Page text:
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Hard Roads / Steve Vernon

thcat_hardroads.jpgGray Friar Press / July 2007
Reviewed by: Blu Gilliand

Steve Vernon is a hard writer to pin down. And that’s a good thing.

Take Hard Roads, for example. Two tales, two very different facets of this emerging voice in genre fiction. Both novellas are distinct in tone, but there’s enough connective tissue to make it clear these images and ideas have sprung from the same imagination. While some readers might prefer one side over the other, I can’t imagine anyone not satisfaction in one of these tales.

Start with “Trolling Lures.” This is a campfire tale on speed, a heady cocktail of remorse, discovery and the quest for redemption, couched in equal parts bedtime story and fever dream. It starts in a fairly straightforward manner: Morgan Hillman is dying of cancer, running away from the pain of his disease and of some terrible incident, the memory of which he has mostly blocked out. He’s got the spirit of a dead woman riding in the backseat, and he’s heading for the hills where he plans to commit suicide.

That’s when things go decidedly off-kilter – both for Hillman and for the reader. We’re talking possession, undead Mounties, talking coyotes, and trolls. This is surrealism personified, and if you’re into that sort of thing, Vernon has a treat for you. If you’re not, skip ahead to the second half of the collection, “Hammurabi Road.”

“Road” starts out with four guys in a pickup truck – three crammed into the front seat, and one duct-taped and tied in the back. This is where Vernon’s natural storytelling ability really shines – he perfectly captures the crass and crude voices of a bunch of working stiffs out to get them some frontier justice.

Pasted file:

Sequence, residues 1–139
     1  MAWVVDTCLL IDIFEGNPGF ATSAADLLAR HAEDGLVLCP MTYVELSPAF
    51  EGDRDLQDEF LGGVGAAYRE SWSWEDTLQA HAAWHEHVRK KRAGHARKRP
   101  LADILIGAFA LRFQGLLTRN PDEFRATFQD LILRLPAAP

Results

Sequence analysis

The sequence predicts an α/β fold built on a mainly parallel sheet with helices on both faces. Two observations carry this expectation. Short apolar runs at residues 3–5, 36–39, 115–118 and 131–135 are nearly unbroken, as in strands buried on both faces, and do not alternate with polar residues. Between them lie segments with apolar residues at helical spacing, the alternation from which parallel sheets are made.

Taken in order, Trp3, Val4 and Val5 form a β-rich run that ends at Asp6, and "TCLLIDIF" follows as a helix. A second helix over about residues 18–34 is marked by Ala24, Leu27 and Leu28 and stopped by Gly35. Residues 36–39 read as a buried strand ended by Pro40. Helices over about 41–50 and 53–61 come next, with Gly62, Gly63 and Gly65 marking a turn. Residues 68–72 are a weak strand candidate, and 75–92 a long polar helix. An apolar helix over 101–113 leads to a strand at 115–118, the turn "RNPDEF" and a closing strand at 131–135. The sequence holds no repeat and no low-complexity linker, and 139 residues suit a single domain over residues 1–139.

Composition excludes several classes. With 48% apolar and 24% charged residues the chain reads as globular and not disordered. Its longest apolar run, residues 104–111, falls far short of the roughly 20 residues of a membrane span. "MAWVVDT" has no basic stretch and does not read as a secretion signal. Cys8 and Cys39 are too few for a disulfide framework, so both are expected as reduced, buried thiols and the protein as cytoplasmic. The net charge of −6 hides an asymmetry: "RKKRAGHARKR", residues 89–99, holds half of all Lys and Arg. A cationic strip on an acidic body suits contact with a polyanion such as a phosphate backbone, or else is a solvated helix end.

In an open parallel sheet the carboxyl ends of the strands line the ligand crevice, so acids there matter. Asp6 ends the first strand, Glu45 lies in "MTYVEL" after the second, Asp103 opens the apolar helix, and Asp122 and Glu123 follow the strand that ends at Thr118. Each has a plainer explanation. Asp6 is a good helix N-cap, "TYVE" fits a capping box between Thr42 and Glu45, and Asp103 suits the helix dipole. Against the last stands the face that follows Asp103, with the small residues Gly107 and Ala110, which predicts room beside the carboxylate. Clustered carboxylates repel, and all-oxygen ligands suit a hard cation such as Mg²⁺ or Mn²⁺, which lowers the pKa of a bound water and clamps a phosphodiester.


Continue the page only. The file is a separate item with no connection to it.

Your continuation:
Tyree, the unfortunate fellow who’s hog-tied and along for the ride, is a suspected arsonist, allegedly responsible for a hotel fire that killed the brother of one of these men. Satisfied with the evidence but disgusted with the lack of retribution, this batch of railroad workers head out for an isolated stretch of track deep in the wilderness, where they have a sentence of their own to carry out. But God (or fate, or perhaps Mother Nature) has other ideas, which are soon manifested in the form of a big black bear.

There are touches of the supernatural in this tale, but for the most part “Hammurabi Road” remains grounded in realism. The dynamics of the group and their single-minded pursuit of revenge are fertile ground for suspense, not to mention a few doses of deftly handled humor. By the time this tightly wound group of would-be executioners begins to unravel, Vernon has snared the reader in his trap. Like all four of these unfortunate souls, you’ll have no choice but to march through to the bitter end.

For this reviewer's money, “Hammurabi Road” is far and away the best offering in Hard Roads, and may be the best thing Vernon has published thus far. This story alone makes the collection a worthwhile purchase.

Purchase Steve Vernon's Hard Roads.


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